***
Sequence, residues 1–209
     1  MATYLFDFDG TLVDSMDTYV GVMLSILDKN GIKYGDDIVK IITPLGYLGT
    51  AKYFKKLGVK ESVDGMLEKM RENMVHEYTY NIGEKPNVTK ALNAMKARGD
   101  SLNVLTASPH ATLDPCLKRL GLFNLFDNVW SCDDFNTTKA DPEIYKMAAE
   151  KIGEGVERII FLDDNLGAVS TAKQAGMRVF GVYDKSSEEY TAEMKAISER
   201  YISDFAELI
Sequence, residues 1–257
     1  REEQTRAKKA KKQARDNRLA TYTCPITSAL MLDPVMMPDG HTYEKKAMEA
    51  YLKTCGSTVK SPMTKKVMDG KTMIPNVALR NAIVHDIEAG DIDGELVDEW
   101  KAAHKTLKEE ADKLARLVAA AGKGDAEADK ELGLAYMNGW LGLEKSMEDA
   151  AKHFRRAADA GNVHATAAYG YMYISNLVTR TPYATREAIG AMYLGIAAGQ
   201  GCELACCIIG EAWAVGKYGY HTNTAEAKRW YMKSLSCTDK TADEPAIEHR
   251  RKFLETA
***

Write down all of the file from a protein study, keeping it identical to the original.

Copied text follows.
Sequence, residues 1–209
     1  MATYLFDFDG TLVDSMDTYV GVMLSILDKN GIKYGDDIVK IITPLGYLGT
    51  AKYFKKLGVK ESVDGMLEKM RENMVHEYTY NIGEKPNVTK ALNAMKARGD
   101  SLNVLTASPH ATLDPCLKRL GLFNLFDNVW SCDDFNTTKA DPEIYKMAAE
   151  KIGEGVERII FLDDNLGAVS TAKQAGMRVF GVYDKSSEEY TAEMKAISER
   201  YISDFAELI
Sequence, residues 1–257
     1  REEQTRAKKA KKQARDNRLA TYTCPITSAL MLDPVMMPDG HTYEKKAMEA
    51  YLKTCGSTVK SPMTKKVMDG KTMIPNVALR NAIVHDIEAG DIDGELVDEW
   101  KAAHKTLKEE ADKLARLVAA AGKGDAEADK ELGLAYMNGW LGLEKSMEDA
   151  AKHFRRAADA GNVHATAAYG YMYISNLVTR TPYATREAIG AMYLGIAAGQ
   201  GCELACCIIG EAWAVGKYGY HTNTAEAKRW YMKSLSCTDK TADEPAIEHR
   251  RKFLETA